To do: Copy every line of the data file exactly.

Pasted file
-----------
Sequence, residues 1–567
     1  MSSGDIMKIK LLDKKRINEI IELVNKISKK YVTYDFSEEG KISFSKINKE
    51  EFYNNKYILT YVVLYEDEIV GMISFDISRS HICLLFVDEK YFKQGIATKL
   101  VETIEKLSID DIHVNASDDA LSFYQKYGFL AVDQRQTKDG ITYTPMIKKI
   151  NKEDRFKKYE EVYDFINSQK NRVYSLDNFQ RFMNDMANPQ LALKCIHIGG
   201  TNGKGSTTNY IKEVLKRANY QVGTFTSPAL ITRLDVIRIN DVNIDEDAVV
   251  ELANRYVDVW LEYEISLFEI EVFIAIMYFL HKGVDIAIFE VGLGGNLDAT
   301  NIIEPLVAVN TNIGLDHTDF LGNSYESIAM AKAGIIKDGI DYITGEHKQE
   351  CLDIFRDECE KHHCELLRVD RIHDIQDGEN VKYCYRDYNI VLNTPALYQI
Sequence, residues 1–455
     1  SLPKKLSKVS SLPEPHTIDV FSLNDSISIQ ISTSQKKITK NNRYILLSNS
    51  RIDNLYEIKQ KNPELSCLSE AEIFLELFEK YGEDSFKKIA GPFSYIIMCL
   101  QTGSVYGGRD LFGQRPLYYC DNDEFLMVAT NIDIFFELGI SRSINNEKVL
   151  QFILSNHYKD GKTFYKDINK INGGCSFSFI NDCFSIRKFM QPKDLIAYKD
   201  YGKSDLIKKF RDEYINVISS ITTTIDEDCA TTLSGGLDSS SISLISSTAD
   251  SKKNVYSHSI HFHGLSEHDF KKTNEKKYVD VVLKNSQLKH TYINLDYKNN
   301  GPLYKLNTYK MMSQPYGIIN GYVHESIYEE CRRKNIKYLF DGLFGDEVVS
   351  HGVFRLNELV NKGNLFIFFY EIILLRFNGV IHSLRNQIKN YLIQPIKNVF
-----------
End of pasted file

Sequence, residues 1–567
     1  MSSGDIMKIK LLDKKRINEI IELVNKISKK YVTYDFSEEG KISFSKINKE
    51  EFYNNKYILT YVVLYEDEIV GMISFDISRS HICLLFVDEK YFKQGIATKL
   101  VETIEKLSID DIHVNASDDA LSFYQKYGFL AVDQRQTKDG ITYTPMIKKI
   151  NKEDRFKKYE EVYDFINSQK NRVYSLDNFQ RFMNDMANPQ LALKCIHIGG
   201  TNGKGSTTNY IKEVLKRANY QVGTFTSPAL ITRLDVIRIN DVNIDEDAVV
   251  ELANRYVDVW LEYEISLFEI EVFIAIMYFL HKGVDIAIFE VGLGGNLDAT
   301  NIIEPLVAVN TNIGLDHTDF LGNSYESIAM AKAGIIKDGI DYITGEHKQE
   351  CLDIFRDECE KHHCELLRVD RIHDIQDGEN VKYCYRDYNI VLNTPALYQI
Sequence, residues 1–455
     1  SLPKKLSKVS SLPEPHTIDV FSLNDSISIQ ISTSQKKITK NNRYILLSNS
    51  RIDNLYEIKQ KNPELSCLSE AEIFLELFEK YGEDSFKKIA GPFSYIIMCL
   101  QTGSVYGGRD LFGQRPLYYC DNDEFLMVAT NIDIFFELGI SRSINNEKVL
   151  QFILSNHYKD GKTFYKDINK INGGCSFSFI NDCFSIRKFM QPKDLIAYKD
   201  YGKSDLIKKF RDEYINVISS ITTTIDEDCA TTLSGGLDSS SISLISSTAD
   251  SKKNVYSHSI HFHGLSEHDF KKTNEKKYVD VVLKNSQLKH TYINLDYKNN
   301  GPLYKLNTYK MMSQPYGIIN GYVHESIYEE CRRKNIKYLF DGLFGDEVVS
   351  HGVFRLNELV NKGNLFIFFY EIILLRFNGV IHSLRNQIKN YLIQPIKNVF